Legal Eagle Eye Newsletter for the Nursing Profession (6)10 Oct 98
Quick Summary: A patient can sue a healthcare provider for spoliation of the evidence when:
The provider, who may or may not be a defendant or potential defendant, knows malpractice litigation is pending or probable, and
The provider intentionally tampers with or destroys evidence to try to disrupt the patients legal case, and
The patients malpractice case is compromised, and
The patient suffers a monetary loss. SUPERIOR COURT OF NEW JERSEY, APPELLATE DIVISION, 1998.
A patient was suing her physicians for malpractice for failing to diagnose her breast cancer earlier. The patients hospital chart contained all of the mammography reports. The earlier mammography reports contained indeterminate findings or concluded there were calcifications present which appeared benign.
The question was whether the physicians conclusions in the earlier mammography reports were incorrect, reflecting negligent misreading of the mammography films. The court could not decide this issue in the patients favor because the films themselves had disappeared. So the patient added allegations in her lawsuit directly against the hospital where the films were taken. The additional allegations were for spoliation of the evidence.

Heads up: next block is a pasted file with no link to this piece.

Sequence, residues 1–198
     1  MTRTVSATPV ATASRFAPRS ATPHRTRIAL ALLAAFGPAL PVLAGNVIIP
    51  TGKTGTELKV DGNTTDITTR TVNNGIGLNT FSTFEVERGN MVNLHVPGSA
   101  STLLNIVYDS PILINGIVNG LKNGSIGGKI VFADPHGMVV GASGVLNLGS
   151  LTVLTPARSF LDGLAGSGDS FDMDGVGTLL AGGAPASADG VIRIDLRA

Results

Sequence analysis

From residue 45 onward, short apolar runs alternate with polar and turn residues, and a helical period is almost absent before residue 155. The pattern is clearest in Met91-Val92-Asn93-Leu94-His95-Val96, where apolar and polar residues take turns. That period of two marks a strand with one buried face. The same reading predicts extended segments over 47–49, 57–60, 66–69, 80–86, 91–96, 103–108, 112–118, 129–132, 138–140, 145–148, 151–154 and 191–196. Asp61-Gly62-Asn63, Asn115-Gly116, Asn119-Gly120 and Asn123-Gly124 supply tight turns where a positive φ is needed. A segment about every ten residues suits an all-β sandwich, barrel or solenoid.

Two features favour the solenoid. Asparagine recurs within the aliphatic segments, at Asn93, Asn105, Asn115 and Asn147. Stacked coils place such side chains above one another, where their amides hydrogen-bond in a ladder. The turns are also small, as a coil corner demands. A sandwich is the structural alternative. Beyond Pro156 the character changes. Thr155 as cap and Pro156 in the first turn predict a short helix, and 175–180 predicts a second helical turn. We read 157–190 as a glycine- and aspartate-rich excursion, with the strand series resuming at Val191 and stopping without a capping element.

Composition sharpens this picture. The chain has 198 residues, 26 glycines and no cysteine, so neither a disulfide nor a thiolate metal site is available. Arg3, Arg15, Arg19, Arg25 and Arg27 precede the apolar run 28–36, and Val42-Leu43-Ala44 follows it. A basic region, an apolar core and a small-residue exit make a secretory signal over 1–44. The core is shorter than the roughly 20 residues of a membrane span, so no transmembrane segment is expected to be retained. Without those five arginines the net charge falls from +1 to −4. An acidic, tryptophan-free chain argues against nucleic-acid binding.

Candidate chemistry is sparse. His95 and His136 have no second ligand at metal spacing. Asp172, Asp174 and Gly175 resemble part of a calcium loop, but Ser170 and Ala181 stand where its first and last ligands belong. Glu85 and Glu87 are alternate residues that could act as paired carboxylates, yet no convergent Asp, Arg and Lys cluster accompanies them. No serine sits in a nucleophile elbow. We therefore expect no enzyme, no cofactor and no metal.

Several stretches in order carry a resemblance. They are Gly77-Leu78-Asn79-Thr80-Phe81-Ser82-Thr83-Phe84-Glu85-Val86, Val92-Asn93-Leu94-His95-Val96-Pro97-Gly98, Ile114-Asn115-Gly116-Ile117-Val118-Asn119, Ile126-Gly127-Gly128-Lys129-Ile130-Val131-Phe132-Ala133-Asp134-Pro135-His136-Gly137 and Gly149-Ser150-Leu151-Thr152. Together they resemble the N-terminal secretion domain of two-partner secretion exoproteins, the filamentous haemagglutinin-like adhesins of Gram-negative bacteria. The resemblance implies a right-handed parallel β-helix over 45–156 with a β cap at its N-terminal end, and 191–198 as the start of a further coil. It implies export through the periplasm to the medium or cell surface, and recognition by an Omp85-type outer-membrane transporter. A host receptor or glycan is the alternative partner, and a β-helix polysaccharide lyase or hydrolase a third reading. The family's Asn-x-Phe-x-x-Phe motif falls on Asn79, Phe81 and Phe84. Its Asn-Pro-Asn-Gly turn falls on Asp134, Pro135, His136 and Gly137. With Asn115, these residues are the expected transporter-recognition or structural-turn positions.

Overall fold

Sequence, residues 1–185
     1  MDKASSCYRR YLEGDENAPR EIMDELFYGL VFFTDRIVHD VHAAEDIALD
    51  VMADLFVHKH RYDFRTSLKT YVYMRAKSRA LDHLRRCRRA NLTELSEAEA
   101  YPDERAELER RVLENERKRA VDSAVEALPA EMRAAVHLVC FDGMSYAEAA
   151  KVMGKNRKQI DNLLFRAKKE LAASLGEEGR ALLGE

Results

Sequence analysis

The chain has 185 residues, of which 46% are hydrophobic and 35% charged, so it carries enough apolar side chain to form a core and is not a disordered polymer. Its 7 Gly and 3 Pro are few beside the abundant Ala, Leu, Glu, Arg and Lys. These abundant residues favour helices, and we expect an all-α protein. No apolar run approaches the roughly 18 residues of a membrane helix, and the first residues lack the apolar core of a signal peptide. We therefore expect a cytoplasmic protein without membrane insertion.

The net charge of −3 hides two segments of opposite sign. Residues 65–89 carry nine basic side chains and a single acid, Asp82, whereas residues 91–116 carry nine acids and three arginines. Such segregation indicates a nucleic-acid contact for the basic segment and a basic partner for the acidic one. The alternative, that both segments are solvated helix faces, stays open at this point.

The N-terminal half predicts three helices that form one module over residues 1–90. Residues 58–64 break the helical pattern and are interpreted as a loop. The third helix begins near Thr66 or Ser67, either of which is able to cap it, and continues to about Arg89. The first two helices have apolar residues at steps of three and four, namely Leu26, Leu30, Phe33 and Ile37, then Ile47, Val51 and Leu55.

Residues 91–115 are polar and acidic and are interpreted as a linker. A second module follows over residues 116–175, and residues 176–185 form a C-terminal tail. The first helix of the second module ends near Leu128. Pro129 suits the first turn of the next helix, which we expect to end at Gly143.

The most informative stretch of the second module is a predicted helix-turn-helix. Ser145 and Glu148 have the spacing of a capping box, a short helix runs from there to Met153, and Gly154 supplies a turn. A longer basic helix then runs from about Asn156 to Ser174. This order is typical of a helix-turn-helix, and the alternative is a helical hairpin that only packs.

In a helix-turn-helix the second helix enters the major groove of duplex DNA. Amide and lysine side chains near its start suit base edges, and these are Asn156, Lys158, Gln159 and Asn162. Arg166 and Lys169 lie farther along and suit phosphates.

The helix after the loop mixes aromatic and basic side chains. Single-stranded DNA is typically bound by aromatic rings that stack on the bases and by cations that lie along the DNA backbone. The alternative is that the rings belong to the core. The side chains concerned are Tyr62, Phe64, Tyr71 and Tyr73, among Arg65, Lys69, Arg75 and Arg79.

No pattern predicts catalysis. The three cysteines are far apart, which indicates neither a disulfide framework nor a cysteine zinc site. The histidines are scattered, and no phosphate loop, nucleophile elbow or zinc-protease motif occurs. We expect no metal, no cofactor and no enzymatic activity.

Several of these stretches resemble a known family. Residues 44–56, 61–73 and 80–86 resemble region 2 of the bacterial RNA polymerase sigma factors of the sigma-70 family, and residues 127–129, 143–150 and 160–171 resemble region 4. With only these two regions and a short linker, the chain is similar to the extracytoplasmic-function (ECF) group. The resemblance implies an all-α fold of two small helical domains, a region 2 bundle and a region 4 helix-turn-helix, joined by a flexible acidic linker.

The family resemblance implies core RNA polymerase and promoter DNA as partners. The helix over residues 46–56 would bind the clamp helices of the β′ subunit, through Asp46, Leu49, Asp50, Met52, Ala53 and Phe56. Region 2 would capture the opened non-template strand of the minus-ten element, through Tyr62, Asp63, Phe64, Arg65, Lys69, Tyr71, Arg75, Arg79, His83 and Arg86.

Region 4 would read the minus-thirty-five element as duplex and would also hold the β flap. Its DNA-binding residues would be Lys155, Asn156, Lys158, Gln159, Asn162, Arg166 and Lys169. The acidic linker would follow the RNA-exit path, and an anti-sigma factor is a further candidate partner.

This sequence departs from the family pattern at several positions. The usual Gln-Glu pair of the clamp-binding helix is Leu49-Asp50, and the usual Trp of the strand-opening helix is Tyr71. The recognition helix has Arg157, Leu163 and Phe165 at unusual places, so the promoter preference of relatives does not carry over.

The Superior Court of New Jersey, Appellate Division, ruled in favor of the hospital on the patients allegations of spoliation of the evidence. The films were innocently misplaced while being removed for storage at a remote location by an outside medical-records services vendor. There was no proof of actual intent to tamper with or to destroy evidence.
If the patient could have proven there was deliberate tampering with or destruction of the evidence needed for her malpractice lawsuit, the court said it would have ruled for the patient.
The court said it would not matter if the one who deliberately tampered with or destroyed the evidence was or was not an actual or potential malpractice defendant.
It is important to note there was no discussion whether loss of the films affected the patients ability to receive competent care. The only issue was whether the patient had been deprived after-the-fact of the means to purse a lawsuit.Proske v. St. Barnabas Medical Center, 712 A. 2d 1207 (N.J. Super., 1998).